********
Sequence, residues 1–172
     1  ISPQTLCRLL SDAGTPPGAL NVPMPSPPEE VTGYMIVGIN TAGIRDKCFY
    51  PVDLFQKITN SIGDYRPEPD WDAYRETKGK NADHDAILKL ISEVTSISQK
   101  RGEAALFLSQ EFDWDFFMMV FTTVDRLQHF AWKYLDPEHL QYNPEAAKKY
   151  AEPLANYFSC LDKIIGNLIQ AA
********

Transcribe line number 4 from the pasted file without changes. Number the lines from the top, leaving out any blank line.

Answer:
   101  RGEAALFLSQ EFDWDFFMMV FTTVDRLQHF AWKYLDPEHL QYNPEAAKKY